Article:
So far, except two or three comments from ulamâ’, I do not see any serious response to these questions. Some have dismissed The Call by misinterpreting its meaning or responded by avoiding the subject all together or simply made broad and emotional statements. My intention is to initiate a debate. So, is there anyone among the ulamâ’ who is ready to stand up, to speak up, and to seriously commit to engaging in a critical and honest debate instead of dismissing this entire matter because this call is “coming from the West” or is an attempt to “destroy Islam”?
Finally, you advice me to “study the current state of the Muslim nation side by side with Shari`ah, to point out the deficiencies that should be worked on to apply Shari`ah”. I have done and continue to do that. My assessment is detailed in many of my writings and my book Islam, The West and The Challenges of Modernity (1995) is an in-depth study and analysis of the contemporary Muslim majority societies and their socio-political dynamics. One of the important deficiencies I brought to the fore is this reduction of sharî’a to the penal code and the necessity to reform our understanding and to condemn the implementations that betray our message. It is this on going reflection that has driven me to formulate the content of the present Call.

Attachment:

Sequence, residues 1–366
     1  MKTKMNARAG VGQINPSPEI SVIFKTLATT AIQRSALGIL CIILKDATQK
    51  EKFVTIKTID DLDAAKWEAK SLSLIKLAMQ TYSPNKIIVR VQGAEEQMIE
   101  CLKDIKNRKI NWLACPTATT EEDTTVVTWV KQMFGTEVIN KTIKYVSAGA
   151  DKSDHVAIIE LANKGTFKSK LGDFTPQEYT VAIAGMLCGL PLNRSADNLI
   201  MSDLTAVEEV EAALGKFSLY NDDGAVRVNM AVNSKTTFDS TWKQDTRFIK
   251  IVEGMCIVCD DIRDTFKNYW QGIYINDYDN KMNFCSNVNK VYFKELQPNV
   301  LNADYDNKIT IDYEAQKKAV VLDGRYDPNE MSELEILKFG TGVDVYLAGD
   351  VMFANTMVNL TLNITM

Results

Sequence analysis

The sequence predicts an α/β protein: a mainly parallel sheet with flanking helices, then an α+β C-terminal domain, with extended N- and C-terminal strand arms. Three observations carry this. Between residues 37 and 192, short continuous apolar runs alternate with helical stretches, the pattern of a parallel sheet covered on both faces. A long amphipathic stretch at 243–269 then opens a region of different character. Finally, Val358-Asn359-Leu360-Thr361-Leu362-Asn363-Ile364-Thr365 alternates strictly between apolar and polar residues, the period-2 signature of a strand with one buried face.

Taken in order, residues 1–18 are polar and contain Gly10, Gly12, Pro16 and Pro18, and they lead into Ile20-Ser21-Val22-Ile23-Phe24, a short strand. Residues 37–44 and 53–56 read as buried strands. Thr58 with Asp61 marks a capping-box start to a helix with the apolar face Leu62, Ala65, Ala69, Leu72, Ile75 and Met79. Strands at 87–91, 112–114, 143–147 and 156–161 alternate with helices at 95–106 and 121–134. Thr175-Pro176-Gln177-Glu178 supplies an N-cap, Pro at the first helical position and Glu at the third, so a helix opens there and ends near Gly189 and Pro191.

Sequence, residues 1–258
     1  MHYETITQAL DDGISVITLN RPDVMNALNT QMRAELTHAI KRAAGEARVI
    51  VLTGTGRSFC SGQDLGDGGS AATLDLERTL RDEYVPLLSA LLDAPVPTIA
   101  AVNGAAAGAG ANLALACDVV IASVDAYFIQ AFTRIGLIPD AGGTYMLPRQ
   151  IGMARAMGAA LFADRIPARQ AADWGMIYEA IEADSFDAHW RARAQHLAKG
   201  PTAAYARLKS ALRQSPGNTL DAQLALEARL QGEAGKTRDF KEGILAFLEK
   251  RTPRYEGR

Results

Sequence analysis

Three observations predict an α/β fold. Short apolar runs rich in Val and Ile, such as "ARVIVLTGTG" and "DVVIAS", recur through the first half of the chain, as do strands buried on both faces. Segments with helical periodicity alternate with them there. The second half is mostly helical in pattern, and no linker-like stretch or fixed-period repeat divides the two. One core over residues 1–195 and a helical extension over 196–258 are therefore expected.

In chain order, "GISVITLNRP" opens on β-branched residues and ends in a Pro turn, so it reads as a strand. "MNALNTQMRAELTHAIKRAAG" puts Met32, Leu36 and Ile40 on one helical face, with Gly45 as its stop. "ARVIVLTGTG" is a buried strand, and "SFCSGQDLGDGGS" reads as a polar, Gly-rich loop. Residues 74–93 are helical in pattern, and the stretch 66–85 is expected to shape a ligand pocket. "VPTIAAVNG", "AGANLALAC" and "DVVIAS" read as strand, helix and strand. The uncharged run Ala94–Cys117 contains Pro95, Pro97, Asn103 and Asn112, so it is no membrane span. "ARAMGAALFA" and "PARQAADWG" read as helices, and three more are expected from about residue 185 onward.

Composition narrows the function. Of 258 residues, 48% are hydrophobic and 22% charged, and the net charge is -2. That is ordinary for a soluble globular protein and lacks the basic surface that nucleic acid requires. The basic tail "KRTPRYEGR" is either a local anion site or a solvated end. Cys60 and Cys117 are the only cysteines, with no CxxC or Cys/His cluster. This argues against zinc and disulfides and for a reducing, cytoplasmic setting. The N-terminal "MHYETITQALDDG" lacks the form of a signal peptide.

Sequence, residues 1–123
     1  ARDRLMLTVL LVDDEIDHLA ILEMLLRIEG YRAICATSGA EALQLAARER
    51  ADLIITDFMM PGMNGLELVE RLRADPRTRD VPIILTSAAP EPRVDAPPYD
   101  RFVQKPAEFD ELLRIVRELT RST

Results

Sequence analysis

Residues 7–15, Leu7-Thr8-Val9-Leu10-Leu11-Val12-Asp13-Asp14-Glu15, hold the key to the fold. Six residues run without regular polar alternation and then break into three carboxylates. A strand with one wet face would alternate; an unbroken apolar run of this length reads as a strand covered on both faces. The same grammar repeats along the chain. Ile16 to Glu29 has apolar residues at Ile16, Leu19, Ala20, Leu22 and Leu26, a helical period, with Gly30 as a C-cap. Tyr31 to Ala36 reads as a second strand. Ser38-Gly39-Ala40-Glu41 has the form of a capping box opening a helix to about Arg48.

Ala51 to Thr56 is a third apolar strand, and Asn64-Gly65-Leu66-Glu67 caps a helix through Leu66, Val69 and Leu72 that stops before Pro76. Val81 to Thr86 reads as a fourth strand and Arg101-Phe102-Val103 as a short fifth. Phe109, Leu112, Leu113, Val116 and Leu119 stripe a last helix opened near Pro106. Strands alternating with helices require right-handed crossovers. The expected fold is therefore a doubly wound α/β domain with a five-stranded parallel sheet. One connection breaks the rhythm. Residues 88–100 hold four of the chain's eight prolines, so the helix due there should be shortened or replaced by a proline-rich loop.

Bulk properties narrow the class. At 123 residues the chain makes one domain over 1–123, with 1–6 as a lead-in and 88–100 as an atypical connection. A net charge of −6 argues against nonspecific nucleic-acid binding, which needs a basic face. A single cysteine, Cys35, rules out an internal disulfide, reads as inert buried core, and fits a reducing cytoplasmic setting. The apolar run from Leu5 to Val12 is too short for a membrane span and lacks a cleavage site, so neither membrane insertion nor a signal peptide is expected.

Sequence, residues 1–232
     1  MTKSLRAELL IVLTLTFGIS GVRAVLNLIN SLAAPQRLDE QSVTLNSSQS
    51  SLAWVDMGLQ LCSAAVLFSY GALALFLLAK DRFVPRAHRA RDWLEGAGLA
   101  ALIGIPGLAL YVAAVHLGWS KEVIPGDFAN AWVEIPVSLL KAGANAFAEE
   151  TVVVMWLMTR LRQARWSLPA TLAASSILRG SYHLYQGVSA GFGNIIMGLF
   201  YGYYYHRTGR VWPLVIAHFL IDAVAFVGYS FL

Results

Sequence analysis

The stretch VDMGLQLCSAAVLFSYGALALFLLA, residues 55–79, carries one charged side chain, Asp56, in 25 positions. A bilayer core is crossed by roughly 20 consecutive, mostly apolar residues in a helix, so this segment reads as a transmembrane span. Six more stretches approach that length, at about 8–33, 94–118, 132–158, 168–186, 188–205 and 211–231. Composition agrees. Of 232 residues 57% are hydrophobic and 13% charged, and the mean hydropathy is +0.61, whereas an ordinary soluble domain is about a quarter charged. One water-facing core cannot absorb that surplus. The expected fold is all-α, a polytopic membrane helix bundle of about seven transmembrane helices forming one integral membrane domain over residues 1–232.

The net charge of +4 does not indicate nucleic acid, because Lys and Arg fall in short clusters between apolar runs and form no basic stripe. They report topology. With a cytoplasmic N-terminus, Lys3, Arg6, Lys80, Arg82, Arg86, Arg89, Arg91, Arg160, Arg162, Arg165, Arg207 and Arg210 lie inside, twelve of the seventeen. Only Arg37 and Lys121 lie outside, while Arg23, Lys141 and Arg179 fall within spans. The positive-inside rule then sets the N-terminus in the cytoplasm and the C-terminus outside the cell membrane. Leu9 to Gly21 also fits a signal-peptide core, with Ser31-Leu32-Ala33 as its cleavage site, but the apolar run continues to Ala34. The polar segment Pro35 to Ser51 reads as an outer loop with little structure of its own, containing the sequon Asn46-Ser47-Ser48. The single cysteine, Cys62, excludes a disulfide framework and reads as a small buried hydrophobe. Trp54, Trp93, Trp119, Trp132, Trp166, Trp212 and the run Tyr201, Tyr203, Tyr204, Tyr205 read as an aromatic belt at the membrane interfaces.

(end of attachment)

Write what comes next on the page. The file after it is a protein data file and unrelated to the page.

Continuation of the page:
I remain hopeful that, in shâ’a ar-Rahmân, we can debate its exact content. These are serious and essential questions for the one who, as you wrote, does not want to destroy Islam.
May Allah love us and guide us.
The 3rd response to Islamonline.net comment
Response to Dr Muzzamil Siddiqi
Salam ‘alaykum wa rahmatulLahi wa barakatuhu.
I thank you for taking the time to comment on “The Call for a moratorium”
I, of course, find nothing objectionable in the first section of your response where you outline the classical principles that constitute the Shar’ia. In my book, Western Muslims and The Future of Islam, I recall these elements as well and define “ash-Sharî’a” as “The Path towards faithfulness” within the scope of which comes the entire legal thought extracted from the Islamic scriptural sources.
As you mention, the penal code is but a small, yet important, field within “ash-Sharî’a” whose global objectives are the protection of religion (dîn), of the person’s integrity (nafs), of the intellect (‘aql), of the global family ties (nasl), of property (amwâl) and of the person’s dignity and honor (al-‘ird). At the collective level, the implementation of a well understood Sharî’a can only lead to the respect of justice, of the rights of the individuals and the people. You recalled it and we agree.
You recall as well how, today, the global message of Islam is misunderstood and wrongly implemented and that very often the hudûd are applied before taking care of the people’s rights (huqûq). We agree on that as well.